In his passionate devotion to the task of inviting others to Islam, Muhammad al-Ghazali (1917-1996) presented Muslims with a powerful critique of themselves, not only in their endemic failure to project Islam in the best, most reasoned light, but also in their betrayal of the Qur’an’s spiritual principles and the highest standards set by the Prophet Muhammad. Benaouda Bensaid analyzes al-Ghazali’s critique of du’at (those inviting to Islam) and the practice of da’wah work itself (the call to Islam). He also examines al-Ghazali's methodology, various proposed solutions, and the juristic responses to his perspective. The evolution of al-Ghazali’s thought and the people and factors influencing him are key elements of the study. It is hard to conceive where the state of discourse on da’wah and Islamic reform would be without al-Ghazali’s outstanding contributions. The powerful stand he took on the importance of education, the significant weight he gave to a free society, his promotion of a decent standard of living for the poor, the qualities of moral and personal excellence he appealed for, and his compassionate, impassioned role as an educator, all these preserve al-Ghazali’s reputation, both in his own lifetime and for many generations to come, as one of the twentieth century’s most important Muslim intellectual thinkers and reformers. His legacy is founded on a lifetime of service.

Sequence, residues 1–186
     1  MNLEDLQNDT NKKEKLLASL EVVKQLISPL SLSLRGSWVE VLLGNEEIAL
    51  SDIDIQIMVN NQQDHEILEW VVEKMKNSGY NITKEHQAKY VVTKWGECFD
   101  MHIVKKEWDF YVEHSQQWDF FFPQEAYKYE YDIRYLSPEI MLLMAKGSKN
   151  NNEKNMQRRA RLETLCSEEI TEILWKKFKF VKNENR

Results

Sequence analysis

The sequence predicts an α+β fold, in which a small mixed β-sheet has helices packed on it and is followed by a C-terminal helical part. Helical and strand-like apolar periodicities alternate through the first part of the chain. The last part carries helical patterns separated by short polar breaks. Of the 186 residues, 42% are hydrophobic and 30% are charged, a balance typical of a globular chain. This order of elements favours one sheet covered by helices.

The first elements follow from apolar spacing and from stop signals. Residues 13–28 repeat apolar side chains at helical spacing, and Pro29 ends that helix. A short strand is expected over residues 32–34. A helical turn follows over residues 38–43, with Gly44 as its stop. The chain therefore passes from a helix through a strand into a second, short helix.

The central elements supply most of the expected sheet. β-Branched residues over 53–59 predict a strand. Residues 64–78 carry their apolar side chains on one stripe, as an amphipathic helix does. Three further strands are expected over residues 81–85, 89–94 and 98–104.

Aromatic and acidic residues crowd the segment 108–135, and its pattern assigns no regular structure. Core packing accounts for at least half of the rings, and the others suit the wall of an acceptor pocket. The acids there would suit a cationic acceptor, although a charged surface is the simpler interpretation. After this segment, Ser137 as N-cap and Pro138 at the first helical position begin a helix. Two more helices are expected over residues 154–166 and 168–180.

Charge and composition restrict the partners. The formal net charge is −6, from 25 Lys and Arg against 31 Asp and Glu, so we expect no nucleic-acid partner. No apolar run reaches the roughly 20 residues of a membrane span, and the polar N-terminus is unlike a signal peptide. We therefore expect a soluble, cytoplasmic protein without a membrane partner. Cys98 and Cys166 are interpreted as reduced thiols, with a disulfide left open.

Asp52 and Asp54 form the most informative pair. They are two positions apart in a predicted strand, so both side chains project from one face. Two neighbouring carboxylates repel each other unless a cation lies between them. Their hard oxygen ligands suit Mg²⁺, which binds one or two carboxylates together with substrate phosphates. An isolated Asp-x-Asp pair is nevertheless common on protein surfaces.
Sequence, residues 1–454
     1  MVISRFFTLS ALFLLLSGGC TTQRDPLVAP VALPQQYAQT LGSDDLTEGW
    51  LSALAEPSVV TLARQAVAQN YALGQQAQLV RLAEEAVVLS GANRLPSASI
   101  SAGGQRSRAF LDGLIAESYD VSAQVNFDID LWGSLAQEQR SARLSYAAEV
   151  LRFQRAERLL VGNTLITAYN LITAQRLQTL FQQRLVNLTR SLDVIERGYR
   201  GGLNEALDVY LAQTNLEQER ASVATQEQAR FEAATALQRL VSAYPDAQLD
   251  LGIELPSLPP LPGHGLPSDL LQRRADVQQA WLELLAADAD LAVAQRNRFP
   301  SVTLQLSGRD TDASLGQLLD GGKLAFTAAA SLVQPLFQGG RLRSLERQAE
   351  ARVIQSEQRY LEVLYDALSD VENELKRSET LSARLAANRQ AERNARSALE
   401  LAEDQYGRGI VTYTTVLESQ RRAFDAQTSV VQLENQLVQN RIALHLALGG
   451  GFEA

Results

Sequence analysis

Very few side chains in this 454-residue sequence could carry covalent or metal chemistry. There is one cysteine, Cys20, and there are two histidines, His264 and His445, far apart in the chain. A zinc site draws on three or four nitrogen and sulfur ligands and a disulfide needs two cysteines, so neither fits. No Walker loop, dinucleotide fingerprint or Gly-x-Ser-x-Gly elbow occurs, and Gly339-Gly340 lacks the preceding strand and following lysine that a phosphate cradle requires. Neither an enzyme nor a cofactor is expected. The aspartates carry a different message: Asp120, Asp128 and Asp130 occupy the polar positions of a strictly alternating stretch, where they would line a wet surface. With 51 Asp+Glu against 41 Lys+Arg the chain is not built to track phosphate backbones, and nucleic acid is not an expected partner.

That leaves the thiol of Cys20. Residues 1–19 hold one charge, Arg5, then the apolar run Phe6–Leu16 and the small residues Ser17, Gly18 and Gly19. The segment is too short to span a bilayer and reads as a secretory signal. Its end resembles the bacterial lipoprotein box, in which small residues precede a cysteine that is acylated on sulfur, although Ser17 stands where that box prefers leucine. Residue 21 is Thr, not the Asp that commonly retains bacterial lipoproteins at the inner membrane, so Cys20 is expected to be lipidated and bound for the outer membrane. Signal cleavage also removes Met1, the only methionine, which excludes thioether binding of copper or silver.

(6x9) / 282 p. / 2015